The people who will embrace the latter definition and still see the game as enjoyable are people who derive pleasure from testing their limits. Given how often Fallen Order’s mechanics induced mental anguish, this game should similarly appeal to masochists. The game is far more grind than joyride, more effort than ease, and as a result takes far more time than a casual gamer will like to reap its full rewards. However, those rewards — primarily a strong, Star Wars-worthy story — make the painstaking struggle worthwhile, if not enjoyable.
Star Wars Jedi: Fallen Order is a trying game. Virtually nothing is easy. Even its easy mode can kill you repeatedly if you don’t take the time to learn the game’s required movement and combat techniques. Even then, you’ll likely die multiple times in frustrating ways.
That the Respawn team chose to tweak the third-person melee model of previous Star Wars games is commendable. Given the long drought in Star Wars games, a recycled version of The Force Unleashed probably would have been welcomed by a mass audience. Introducing melee mechanics similar to Sekiro: Shadows Die Twice that encourage a timing-based, defense-first approach to combat was a potentially brilliant decision. However, the precision required in duels — or the inconsistency with which the game recognizes a player’s inputs — prevent Fallen Order from reaching its full potential from the perspective of a Star Wars fan who doesn’t have much time to invest in mastering extremely challenging fundamentals.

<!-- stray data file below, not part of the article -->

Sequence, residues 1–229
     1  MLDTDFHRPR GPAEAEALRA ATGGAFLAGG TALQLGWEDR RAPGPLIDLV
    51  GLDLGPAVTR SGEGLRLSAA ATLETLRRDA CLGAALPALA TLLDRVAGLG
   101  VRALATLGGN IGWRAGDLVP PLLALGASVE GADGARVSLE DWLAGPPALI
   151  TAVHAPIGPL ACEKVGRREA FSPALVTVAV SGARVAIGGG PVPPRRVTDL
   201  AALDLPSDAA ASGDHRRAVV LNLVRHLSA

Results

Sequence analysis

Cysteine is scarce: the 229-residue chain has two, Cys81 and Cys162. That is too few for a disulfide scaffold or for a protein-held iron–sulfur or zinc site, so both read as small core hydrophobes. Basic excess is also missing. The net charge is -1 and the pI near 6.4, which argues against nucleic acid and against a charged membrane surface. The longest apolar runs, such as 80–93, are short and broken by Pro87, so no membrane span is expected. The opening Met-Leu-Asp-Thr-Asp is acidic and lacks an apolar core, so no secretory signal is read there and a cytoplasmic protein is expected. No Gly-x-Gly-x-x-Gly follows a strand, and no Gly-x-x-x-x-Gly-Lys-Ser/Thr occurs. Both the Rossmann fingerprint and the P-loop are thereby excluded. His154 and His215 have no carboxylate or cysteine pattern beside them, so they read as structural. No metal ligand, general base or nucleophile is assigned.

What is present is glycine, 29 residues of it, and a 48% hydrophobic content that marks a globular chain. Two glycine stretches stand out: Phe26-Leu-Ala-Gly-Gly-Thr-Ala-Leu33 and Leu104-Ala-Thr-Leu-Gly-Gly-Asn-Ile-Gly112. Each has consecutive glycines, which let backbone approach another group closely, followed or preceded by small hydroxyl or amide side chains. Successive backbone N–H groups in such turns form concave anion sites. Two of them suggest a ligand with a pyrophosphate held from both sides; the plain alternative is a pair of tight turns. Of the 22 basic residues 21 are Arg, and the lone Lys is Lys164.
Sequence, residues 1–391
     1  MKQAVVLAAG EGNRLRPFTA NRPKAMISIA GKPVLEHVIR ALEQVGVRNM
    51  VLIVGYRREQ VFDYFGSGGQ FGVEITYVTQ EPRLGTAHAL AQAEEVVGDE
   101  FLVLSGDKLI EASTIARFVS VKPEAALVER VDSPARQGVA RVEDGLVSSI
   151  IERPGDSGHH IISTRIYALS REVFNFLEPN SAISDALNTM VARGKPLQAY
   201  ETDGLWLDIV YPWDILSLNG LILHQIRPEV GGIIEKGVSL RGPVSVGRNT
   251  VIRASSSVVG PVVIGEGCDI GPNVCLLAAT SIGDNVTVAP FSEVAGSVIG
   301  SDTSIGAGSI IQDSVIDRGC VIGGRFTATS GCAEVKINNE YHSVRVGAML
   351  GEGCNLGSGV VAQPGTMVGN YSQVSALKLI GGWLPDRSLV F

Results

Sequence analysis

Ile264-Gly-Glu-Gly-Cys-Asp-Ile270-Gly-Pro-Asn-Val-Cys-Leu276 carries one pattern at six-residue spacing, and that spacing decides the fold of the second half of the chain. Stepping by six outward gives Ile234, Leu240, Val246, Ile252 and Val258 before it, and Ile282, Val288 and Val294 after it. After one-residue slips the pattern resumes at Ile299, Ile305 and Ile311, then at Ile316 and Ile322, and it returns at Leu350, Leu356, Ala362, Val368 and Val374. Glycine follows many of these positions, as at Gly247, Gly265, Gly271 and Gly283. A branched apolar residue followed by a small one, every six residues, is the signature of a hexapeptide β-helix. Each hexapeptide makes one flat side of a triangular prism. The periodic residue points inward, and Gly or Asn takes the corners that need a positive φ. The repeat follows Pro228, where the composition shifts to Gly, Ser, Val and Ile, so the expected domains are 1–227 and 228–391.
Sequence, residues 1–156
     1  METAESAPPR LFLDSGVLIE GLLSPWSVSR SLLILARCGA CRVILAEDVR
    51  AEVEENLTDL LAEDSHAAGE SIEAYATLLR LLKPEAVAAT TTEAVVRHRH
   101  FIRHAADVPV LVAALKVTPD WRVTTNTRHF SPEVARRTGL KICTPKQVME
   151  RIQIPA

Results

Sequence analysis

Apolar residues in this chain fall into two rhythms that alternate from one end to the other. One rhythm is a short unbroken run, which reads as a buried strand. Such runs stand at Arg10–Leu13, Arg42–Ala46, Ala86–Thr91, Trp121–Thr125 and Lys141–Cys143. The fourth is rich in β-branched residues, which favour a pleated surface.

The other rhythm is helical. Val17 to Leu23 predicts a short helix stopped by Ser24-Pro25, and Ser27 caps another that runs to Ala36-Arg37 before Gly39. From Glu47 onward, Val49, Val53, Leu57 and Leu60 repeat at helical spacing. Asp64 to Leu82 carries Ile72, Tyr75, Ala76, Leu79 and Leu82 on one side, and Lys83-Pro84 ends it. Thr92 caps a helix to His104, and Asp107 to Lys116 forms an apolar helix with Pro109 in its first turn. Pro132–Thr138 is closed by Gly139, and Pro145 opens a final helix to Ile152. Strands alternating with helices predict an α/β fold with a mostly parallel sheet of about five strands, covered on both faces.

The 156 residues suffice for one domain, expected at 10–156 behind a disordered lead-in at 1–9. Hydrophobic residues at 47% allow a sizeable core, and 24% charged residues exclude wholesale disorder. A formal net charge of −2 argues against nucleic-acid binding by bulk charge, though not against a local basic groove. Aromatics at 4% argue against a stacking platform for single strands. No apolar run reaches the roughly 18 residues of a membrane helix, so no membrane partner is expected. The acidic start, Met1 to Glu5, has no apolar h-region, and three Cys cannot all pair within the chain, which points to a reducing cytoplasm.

Timing is of the essence for this game, but someone’s watch is broken, either mine or the game’s. Given how often my commands went unanswered on my PS4 Pro, it sure felt like it was the game.
It appeared both in combat and in movement challenges. In fights, it seemed I was always a hair off. If you parry precisely, you can dispatch your enemies quickly and cinematically. That rarely happened. Instead, my foes would often slip past my defenses, then wallop me while my Jedi reeled. If I was pushed into a corner or pinned along a wall after the combo blows, I was in trouble. If there were multiple enemies around me in the corner or near a cliff, I was dead. Even in easy mode, where the timing is supposed to be the most forgiving, it was difficult to properly time parries. And some of the movement issues seemed to indicate something was slightly out of sync between the game and the controls.
Early on, the player is challenged to leap and grasp various surfaces in order to climb up or around obstacles. Once in the air, no matter when I seemed to press the “grasp” button (L2 on the PlayStation 4) I always fell. So, I learned to hold it down. That’s fine, lesson learned. But then when I’d repeat that move in several other sequences — trying to latch on to a creature to stop a free fall, for example — it wouldn’t register. I tried to time it to when an on-screen prompt appeared. That too didn’t work. And so, for a solid two minutes my Jedi would plummet downward, clench his arms around nothing but air, and fall into the abyss. He’d then respawn above the beast to try again, only to fail. Down and up he’d go, a dizzying cycle, until by some miraculous coincidence, the command finally registered and he caught hold. Then, a short time later, the beast would knock him back into the air and the sequence repeated … and with similar results. That was not enjoyable, but it was not the most anger the game coaxed from me.